American Airlines just showed the door to customers who aren’t wealthy

The door divides?

Screenshot by ZDNet

Airlines have needs.

They tend to revolve around money.

Which is harder to do when you were laying off a lot of people during the pandemic and then having trouble hiring more people once the pandemic starts to recede.

Despite the claims of many, business travel has not reached pre-pandemic levels. Vacationers, however, are desperate to get on a plane and get out of where they are.

So how can airlines make more money out of this less than ideal situation?

A clue emerged last week when details of a new American Airlines plane were leaked.

As the The dot guy reported, the airline is expecting new Boeing 787-9 Dreamliners.

If you’ve never flown one of these, they’re smaller than your old-world big plane and have lots of comfortable, modern features, such as progressive blinds.

What’s different with the latest American Dreamliners is that they lean much more towards customers who have, well, a lot more money.

These will have 51 business class seats. No wait. 51 business class capsules.

And these modules have doors. Welcome to the gated community at 36,000 feet.

The latest Dreamliners will also have 32 Premium Economy reclining seats.

In total, there will be 41 fewer seats on these planes, compared to American’s previous 787-9s.

It is easy to jump to conclusions.

Americans must believe that some people have made a lot of money over the past two years. Whether they’re traveling for business or not, they’re willing to spend more money to have a more polished flight experience – these days it’s a relatively polished experience.

The American will then deal with them in the belief that more margin can be made by offering (a higher level of) exclusivity.

The airline isn’t alone in trying to find customers willing to spend more for something even slightly better. Even Southwest, for example, has allowed its enhanced business offerings — as they are — to appear on aggregator Kayak, but only for those who are part of a business.

Some will think that this separation of the haves from the have-nots reflects the growing inequality that infects society.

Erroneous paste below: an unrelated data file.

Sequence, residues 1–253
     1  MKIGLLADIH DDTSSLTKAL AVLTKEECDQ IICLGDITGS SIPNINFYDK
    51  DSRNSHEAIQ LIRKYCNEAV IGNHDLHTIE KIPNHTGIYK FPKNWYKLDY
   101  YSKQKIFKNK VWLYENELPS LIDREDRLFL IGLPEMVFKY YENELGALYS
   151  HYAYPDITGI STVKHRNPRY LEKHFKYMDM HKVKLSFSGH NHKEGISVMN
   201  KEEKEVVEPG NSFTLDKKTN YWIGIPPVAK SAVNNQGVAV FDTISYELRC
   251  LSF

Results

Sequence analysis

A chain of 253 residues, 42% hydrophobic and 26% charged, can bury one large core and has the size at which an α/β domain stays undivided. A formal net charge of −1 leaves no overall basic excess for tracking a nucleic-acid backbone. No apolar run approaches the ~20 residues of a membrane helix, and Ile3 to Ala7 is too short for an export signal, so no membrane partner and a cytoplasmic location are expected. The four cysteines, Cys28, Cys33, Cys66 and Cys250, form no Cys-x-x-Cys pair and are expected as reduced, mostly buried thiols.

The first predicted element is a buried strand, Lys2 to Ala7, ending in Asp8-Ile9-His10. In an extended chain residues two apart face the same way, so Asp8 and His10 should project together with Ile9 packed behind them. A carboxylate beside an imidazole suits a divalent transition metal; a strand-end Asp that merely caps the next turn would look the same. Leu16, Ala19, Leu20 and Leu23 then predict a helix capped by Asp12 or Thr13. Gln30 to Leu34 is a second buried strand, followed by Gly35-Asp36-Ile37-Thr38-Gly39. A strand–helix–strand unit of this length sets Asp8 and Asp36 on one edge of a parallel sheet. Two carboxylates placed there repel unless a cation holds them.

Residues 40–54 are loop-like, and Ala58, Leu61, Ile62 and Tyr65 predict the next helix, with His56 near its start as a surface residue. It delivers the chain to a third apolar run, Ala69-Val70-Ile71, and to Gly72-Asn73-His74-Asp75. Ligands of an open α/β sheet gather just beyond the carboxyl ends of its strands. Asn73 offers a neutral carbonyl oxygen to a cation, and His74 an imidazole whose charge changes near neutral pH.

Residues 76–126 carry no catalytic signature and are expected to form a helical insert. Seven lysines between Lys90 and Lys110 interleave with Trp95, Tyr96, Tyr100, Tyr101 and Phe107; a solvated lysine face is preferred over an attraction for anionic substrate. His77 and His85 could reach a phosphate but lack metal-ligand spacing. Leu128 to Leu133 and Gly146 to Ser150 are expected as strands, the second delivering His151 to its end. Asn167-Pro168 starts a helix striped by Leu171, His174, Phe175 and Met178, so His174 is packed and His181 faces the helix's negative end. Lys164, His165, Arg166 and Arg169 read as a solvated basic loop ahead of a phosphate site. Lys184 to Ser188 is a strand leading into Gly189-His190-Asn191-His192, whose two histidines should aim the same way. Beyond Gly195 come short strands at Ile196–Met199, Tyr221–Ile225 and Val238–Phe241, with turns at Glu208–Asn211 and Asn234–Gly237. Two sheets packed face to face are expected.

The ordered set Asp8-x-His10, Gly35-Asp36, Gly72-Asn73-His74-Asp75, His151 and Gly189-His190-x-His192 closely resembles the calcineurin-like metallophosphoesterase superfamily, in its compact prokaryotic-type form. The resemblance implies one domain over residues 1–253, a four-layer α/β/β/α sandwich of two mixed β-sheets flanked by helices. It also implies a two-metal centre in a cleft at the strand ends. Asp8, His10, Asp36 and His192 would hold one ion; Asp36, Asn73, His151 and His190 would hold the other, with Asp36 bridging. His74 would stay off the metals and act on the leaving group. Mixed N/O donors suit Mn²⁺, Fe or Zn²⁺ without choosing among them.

The experience can be heightened on planes when Economy Class passengers board and bump into Fancy Class passengers who are already down to their second glass of champagne.

Research has even suggested that walking past luxury seats is linked to increased unrest among economy class passengers. You would think that airlines have already had enough trouble from passengers during the pandemic.

And did I mention that airfares have recently increased by about 20%?

One can completely understand the American thought. It’s about money and a perception of who will be the most profitable future flyers. This is quite clear business thinking.

But it’s a bit difficult. It’s not like a restaurant, where the food is the same, the atmosphere is the same, but some people order wine at ridiculous prices. It’s a completely different experience.

Of course, American isn’t the first airline to offer gates to top-earning customers. But the timing of the news here may, to some, seem inconvenient.

They may see a larger, more palpable split of a potentially uncomfortable type. And somehow underlined by the introduction of new sliding doors for chics.

If you’re a regular American Airlines Economy Class customer and have to walk through the gated community, how will you feel when you get to your own seat? Oh, maybe I forgot to mention that. Economy class seating has not changed since the last iteration of this aircraft.

Dear American Airlines Economy Class Passenger, please try to tolerate this.

One day you may be lucky enough to fly into the gated community and open a door to your seat.

It’s what they call the American Dream.

About Catherine Wilson

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